|Characteristic||Factor, n (%)|
|All||1575 (62.35)||1258 (49.80)||499 (19.75)||571 (22.60)||435 (17.22)||547 (21.65)||228 (9.03)|
|Male||686 (60.71)||594 (52.57)||214 (18.94)||288 (25.49)||170 (15.04)||253 (22.39)||109 (9.65)|
|Female||889 (63.68)||664 (47.56)||285 (20.42)||283 (20.27)||265 (18.98)||294 (21.06)||119 (8.52)|
|18-34||166 (53.38)||194 (62.38)||39 (12.54)||93 (29.90)||45 (14.47)||14 (4.50)||26 (8.36)|
|35-49||231 (51.33)||252 (56.00)||83 (18.44)||114 (25.33)||71 (15.78)||48 (10.67)||35 (7.78)|
|50-64||530 (66.50)||386(48.43)||179 (22.46)||173 (21.71)||130 (16.31)||163 (20.45)||77 (9.66)|
|≥65||648 (66.94)||426 (44.01)||198 (20.45)||191 (19.73)||189 (19.52)||322 (33.26)||90 (9.30)|
|Non-Hispanic White||1004 (61.52)||922 (56.50)||289 (17.71)||375 (22.98)||294 (18.01)||334 (20.47)||164 (10.05)|
|Hispanic||294 (63.91)||172 (37.39)||108 (23.48)||100 (21.74)||91 (19.78)||118 (25.65)||37 (8.04)|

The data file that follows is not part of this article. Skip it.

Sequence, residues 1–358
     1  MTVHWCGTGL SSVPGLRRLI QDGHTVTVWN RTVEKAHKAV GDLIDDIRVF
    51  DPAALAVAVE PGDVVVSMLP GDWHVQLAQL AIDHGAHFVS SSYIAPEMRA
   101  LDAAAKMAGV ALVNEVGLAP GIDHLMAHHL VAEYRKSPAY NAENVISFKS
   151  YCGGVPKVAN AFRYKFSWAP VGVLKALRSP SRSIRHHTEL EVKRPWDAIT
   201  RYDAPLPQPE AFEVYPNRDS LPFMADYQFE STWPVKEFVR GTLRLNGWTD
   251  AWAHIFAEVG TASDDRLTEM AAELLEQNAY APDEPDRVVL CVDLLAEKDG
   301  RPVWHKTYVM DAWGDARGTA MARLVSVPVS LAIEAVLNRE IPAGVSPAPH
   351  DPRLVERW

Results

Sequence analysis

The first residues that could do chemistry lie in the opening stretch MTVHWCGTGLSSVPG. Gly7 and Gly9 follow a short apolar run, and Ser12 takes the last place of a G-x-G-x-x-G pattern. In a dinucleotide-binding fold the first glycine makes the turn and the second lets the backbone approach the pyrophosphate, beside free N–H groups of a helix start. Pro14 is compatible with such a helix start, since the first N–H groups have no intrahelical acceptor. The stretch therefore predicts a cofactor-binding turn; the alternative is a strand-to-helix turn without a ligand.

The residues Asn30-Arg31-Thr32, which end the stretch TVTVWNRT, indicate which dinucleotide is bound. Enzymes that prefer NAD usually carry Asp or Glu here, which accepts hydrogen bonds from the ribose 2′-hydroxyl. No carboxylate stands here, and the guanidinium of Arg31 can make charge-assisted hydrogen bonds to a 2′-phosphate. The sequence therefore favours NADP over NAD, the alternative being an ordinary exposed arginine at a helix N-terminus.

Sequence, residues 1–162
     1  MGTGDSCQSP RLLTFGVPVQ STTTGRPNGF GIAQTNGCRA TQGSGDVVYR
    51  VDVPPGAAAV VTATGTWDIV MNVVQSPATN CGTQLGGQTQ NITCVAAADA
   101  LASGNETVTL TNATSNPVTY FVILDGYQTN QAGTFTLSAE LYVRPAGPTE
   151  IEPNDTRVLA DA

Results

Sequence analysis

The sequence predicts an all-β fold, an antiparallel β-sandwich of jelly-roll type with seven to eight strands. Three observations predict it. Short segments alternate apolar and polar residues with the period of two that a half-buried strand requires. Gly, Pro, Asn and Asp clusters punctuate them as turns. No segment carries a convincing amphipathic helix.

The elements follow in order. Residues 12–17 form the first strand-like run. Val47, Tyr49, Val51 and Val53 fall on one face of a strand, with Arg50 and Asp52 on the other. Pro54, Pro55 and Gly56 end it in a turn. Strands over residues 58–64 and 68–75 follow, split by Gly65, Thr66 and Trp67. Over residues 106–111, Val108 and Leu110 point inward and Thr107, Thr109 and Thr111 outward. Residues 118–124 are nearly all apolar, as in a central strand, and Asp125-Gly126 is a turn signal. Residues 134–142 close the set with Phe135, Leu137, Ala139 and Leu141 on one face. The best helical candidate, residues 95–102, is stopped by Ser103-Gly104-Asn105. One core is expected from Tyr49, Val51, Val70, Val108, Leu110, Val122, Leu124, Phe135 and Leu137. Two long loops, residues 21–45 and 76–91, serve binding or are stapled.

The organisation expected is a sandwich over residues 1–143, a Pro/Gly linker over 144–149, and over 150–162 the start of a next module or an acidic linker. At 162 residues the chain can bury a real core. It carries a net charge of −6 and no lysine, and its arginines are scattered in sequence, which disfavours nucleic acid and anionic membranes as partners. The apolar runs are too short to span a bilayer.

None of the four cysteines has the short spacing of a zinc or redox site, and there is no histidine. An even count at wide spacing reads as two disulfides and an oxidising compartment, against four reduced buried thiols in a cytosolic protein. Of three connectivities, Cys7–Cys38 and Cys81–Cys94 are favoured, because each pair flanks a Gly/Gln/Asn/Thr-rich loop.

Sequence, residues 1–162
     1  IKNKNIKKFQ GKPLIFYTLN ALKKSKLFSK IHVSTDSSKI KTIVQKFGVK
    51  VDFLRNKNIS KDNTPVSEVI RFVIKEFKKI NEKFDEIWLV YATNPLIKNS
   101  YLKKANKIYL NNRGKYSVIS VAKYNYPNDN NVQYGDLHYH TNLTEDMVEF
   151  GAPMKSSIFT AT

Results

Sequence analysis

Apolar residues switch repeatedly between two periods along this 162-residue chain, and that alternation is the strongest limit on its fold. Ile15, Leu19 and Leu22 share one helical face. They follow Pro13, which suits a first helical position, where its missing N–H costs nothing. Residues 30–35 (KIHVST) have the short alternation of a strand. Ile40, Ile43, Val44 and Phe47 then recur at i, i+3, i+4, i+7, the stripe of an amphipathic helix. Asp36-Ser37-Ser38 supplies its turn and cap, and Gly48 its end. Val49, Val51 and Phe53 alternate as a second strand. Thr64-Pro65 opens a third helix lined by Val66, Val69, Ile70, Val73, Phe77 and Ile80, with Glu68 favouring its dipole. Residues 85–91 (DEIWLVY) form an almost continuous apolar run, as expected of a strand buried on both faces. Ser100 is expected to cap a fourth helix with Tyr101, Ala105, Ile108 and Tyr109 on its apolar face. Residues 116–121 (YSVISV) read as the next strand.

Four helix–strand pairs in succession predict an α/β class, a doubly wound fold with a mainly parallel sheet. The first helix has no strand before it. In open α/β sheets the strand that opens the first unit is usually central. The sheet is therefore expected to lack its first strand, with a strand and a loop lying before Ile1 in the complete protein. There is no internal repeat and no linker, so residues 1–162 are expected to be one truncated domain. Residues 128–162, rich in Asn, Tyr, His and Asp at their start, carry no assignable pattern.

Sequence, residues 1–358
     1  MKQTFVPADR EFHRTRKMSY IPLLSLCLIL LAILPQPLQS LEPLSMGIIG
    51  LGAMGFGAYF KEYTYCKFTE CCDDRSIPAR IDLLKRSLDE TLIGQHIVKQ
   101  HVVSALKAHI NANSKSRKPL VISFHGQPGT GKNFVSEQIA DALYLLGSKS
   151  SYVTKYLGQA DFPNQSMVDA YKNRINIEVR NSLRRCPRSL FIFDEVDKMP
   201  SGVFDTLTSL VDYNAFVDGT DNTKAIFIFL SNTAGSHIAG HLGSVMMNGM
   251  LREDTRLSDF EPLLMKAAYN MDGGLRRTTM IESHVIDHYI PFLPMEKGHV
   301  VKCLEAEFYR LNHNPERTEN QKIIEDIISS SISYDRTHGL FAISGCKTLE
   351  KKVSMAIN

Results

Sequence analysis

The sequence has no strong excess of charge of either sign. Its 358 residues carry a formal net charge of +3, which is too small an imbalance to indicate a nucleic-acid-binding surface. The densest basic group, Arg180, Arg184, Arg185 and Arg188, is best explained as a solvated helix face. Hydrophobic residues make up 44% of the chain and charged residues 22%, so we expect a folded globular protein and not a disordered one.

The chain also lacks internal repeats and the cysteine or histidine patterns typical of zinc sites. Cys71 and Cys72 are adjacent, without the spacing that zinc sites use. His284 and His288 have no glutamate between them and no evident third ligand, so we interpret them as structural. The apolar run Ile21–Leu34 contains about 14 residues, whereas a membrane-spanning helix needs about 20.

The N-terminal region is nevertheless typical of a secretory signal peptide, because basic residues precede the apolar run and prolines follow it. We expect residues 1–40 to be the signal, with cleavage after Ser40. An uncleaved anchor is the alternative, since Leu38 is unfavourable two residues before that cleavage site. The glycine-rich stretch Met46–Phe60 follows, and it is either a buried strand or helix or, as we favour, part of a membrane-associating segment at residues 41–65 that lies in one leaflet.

|Non-Hispanic Black||277 (63.82)||164 (37.79)||102 (23.50)||96 (22.12)||50 (11.52)||95 (21.89)||27 (6.22)|
|Have cancer||260 (71.23)||190 (52.05)||74 (20.27)||76 (20.82)||79 (21.64)||117 (32.05)||50 (13.70)|
|No cancer||1315 (60.85)||1068 (49.42)||425 (19.67)||495 (22.91)||356 (16.47)||430 (19.90)||178 (8.24)|
The statistical analysis also yielded significant differences across the different demographics (). Older patients (≥65 years old) were more likely to avoid using online medical records. They preferred speaking directly to their health care providers (OR 1.76, 95% CI 1.35-2.31, P<.001), were more concerned about privacy issues caused by online medical records (OR 1.79, 95% CI 1.22-2.66, P<.001), and felt uncomfortable using the systems (OR 10.55, 95% CI 6.06-19.89, P<.001) compared to patients aged 18-34 years; however, they were more likely to be in need of online records (OR 0.47, 95% CI 0.36-0.62, P<.001).